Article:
What is Turkish food made of?
Next stop on our Mediterranean trip: Turkey! The country has a lot to offer in culinary terms. The Turkish cuisine is the clear proof that the most diverse national cuisines can be harmoniously combined with one another. It contains influences from the nomadic Turkic peoples, the Indian, Islamic and Mediterranean as well as the Balkan cuisine. The most famous indispensable recipes are the starters known as meze, bread that is served with every meal, the various kebab dishes, kofte and of course lahmacun, the Turkish pizza. Strong black tea and coffee are drunk.
If you feel like swinging the wooden spoon yourself and cooking typically Turkish, then get started with our top 12 ingredients of Turkish cuisine!
The golden-yellow grain “with a migration background” should not be missing as a side dish or filling in Turkish recipes. Bulgur is easy to prepare and, similar to pasta and rice, can be used in many ways - but keeps you full longer and is a lot healthier. By the way: Bulgur is not to be confused with couscous. The grain, which originates from North Africa, consists of moistened semolina made from durum wheat, ground into small balls, while the Asian bulgur consists of pre-cooked durum wheat or spelled. A particularly popular Turkish dish with bulgur: Kisir, or bulgur salad.
2. White beans
Legumes are simply essential in Turkish cuisine. In addition to white beans, the most important representatives are chickpeas and red lentils! Large white beans belong in many meze dishes with plenty of olive oil, and they can also be used in one of the Turkish national dishes, Kuru Fasulye (white bean stew), not missing.
A good salça belongs in every good Turkish kitchen. The tomato or paprika pulp should not be confused with normal, pure tomato paste, because it is elaborately cooked and refined with many spices. Sometimes it is spicy, sometimes mild, sometimes strongly or less strongly spiced. Every salça is a bit different and provides the typical Mediterranean note in Turkish recipes.
Just like in Italian cuisine, olive oil also plays a major role in Turkish dishes. But especially the pickled olives, in all their green and black color nuances, have an unmistakable taste in Turkey. And they are especially important for breakfast on every dining table!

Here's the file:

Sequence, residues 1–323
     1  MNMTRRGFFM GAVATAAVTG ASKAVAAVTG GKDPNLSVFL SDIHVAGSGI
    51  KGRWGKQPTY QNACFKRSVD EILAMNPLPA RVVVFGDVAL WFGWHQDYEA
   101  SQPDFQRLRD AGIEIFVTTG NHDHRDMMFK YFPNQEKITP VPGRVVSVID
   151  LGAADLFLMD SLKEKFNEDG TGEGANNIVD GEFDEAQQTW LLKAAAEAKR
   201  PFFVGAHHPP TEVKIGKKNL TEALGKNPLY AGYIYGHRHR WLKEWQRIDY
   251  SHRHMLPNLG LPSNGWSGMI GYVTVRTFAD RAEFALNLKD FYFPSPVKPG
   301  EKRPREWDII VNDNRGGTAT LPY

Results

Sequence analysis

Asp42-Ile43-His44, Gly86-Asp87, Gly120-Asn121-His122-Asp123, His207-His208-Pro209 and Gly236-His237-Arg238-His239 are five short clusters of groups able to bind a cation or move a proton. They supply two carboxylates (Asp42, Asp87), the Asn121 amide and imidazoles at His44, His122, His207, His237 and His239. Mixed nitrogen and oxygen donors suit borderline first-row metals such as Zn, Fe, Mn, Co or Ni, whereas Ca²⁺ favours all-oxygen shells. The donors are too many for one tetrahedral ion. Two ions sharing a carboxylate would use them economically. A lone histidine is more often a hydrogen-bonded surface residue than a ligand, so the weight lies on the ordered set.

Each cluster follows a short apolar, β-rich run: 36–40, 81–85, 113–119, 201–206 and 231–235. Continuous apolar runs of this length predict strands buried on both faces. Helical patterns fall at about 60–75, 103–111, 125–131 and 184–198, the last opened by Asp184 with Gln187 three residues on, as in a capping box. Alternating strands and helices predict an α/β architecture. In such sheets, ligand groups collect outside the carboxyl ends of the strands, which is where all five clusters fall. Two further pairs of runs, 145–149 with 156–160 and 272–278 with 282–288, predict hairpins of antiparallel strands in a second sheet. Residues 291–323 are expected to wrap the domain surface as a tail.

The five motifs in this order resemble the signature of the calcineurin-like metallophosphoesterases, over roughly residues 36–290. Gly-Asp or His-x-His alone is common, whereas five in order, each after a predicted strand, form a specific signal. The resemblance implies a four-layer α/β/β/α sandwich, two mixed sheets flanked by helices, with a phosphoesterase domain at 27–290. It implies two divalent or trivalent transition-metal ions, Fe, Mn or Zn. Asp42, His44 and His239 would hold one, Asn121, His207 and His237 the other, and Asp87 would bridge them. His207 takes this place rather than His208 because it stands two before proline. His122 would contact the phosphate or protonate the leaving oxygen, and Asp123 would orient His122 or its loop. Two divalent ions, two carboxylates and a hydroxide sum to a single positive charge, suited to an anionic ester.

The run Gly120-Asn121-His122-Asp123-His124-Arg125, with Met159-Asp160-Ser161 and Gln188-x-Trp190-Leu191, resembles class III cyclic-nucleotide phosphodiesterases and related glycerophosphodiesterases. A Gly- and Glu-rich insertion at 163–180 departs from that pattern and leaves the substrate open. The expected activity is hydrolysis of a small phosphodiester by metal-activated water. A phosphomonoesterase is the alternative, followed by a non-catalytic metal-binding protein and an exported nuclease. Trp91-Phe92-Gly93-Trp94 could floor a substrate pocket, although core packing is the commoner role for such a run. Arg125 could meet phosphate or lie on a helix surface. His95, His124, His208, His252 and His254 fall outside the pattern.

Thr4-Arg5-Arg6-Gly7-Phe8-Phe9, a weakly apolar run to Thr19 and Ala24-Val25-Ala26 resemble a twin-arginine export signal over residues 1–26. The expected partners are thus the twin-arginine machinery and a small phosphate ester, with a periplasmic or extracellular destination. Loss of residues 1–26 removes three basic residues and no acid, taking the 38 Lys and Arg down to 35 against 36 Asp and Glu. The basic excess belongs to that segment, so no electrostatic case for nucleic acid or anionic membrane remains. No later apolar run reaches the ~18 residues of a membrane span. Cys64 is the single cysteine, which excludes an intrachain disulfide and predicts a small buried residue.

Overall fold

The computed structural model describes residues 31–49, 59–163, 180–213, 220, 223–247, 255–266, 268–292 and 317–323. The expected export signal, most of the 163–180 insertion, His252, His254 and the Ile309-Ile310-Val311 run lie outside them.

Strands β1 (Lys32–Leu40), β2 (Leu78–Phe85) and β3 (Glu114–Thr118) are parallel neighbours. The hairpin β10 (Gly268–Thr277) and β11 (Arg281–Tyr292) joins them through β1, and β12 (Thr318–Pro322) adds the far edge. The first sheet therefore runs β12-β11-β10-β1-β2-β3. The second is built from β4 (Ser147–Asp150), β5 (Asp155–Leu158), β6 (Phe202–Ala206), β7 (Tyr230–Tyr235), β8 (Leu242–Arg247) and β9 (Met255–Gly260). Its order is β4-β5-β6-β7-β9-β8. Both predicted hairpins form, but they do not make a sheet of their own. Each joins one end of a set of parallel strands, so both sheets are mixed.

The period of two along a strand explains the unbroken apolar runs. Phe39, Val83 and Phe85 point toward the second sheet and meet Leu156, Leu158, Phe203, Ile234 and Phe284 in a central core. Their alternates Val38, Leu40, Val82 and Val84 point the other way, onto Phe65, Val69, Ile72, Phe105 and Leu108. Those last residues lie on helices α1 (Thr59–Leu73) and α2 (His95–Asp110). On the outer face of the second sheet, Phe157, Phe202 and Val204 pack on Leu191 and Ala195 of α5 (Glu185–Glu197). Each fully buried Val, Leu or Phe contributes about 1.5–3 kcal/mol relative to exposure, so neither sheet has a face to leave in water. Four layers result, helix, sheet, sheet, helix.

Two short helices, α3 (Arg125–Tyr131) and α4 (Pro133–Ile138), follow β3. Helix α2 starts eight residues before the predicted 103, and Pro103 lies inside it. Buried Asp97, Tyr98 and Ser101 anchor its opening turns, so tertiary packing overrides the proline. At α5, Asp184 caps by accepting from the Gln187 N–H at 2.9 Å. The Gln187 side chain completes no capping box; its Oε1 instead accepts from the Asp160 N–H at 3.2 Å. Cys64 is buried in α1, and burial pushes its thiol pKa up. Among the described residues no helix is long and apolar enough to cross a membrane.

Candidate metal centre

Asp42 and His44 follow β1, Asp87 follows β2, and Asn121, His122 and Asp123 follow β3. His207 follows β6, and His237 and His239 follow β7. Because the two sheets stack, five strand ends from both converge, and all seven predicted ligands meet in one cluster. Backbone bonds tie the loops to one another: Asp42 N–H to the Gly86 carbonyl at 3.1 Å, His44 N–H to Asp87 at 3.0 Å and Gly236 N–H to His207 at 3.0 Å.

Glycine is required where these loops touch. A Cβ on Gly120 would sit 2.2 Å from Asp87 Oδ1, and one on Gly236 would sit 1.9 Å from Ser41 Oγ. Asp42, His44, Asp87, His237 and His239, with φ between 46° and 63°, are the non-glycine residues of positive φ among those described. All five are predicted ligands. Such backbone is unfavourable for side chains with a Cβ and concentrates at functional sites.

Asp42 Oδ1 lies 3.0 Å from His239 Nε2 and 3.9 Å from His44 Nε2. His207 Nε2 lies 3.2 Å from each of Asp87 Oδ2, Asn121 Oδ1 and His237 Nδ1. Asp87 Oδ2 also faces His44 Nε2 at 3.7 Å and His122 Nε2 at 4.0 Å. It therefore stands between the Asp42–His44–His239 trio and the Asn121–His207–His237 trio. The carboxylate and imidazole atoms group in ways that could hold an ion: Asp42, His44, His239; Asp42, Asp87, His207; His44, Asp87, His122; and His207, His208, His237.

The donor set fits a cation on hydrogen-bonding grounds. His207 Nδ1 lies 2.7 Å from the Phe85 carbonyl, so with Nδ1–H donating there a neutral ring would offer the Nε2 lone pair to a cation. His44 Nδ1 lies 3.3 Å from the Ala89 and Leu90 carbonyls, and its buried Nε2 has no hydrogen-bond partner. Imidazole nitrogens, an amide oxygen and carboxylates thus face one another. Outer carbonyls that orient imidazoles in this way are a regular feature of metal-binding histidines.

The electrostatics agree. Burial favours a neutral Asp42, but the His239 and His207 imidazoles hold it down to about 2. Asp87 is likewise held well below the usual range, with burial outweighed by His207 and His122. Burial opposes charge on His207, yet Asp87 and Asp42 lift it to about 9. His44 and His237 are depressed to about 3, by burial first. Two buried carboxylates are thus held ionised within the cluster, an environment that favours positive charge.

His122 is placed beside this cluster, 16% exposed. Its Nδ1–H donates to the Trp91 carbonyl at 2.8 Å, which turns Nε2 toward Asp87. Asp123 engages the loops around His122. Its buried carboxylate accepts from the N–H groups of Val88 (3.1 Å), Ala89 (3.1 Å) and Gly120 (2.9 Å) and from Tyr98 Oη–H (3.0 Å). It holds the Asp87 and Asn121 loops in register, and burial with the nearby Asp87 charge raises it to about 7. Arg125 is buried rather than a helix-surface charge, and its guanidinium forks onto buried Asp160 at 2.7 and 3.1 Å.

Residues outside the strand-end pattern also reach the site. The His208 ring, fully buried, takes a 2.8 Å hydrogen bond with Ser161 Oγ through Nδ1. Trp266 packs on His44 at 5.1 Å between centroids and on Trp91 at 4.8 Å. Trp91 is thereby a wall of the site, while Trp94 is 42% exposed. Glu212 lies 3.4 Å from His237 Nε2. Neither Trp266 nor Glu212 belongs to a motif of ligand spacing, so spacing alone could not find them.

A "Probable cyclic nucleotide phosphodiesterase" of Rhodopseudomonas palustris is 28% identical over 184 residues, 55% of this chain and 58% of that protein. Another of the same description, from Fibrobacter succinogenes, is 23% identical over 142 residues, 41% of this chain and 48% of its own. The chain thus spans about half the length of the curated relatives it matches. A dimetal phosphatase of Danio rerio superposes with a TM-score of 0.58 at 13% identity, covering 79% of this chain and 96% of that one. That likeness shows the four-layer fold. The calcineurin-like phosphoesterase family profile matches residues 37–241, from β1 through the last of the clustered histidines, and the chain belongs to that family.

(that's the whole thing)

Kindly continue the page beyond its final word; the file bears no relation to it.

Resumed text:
Baklava, Börek, Gözleme - all these delicious dough specialties are made from what is known as Yufka dough. Yufka is similar to traditional puff pastry, but it is much thinner and less greasy. It is either freshly prepared and rolled out relatively laboriously, or bought ready-made and then processed with ingredients such as sheep's cheese or spinach.
Yogurt and pide, Turkish flatbread, are the basics of any Turkish meal. It is even said that the name “yogurt” takes its name from the Turkish “yoğurt”, which means “curdled milk”. In Turkey it is used in a wide variety of dishes and is also part of the national drink, the Ayran. The refreshing summer drink consists only of water, yoghurt and a little salt and can be prepared at home in no time at all.
My mom always says that Turkish tomatoes just taste different. And it's true - if you walk through a Turkish bazaar, the sliced tomatoes simply have a more intense color, a more aromatic smell, a more intense taste! Accordingly, Turkish cuisine is not complete without tomatoes. There are only a few recipes in which there is no place.
8. Pul Piber
Anyone who has ever ordered “kebab with spicy” is sure to enjoy the taste of Pul beavercame. The Turkish chilli flakes are on every Turkish spice rack and should be strong dark orange to red, smell like paprika and turn your fingers red when rubbed. The right seasoning only comes into play with aromatic Pul Biber!
9. Sheep cheese
It is safe to say that Turkish culture brought sheep cheese to Germany. Fortunately, because it is now a welcome addition to many German and international dishes! Turkish sheep cheese belongs in dumplings, börek and starters, but especially on the breakfast plate.
Turkish mint, Nane, denotes a spice made from dried mint leaves. Just like Pul Biber, you can get it on the spice shelves of all Turkish supermarkets. Nane has less menthol than the peppermint, which is widespread in Germany, and refines various salads or the popular cacik (tzatziki) in Turkish cuisine with a gentle mint aroma.
Karnıyarık consists of eggplant stuffed with ground beef and is one of the most popular dishes in Turkey. In addition to this classic, the aubergine can be found again and again in Turkish cuisine: pureed as an aubergine cream or with delicious starters, combined with yoghurt.
Last but not least: the onion. It is one of the most important ingredients in most Turkish dishes, and you can find it in all shapes and colors in the Turkish markets. You can find them in the meze dishes, in the Menemen, which is traditionally eaten for breakfast, together with tomatoes, peppers and eggs, and in the many delicious soups, stews and salads. The onion simply cannot be missing in Turkish cuisine!
Here are the recipes ...
If you want to start cooking typically Turkish with the ingredients right away, let yourself be inspired by the Turkish recipes in our recipe archive! Next week our Mediterranean trip goes into the last round and we will introduce you to the 12 most important ingredients of French cuisine.
Until then best regards,
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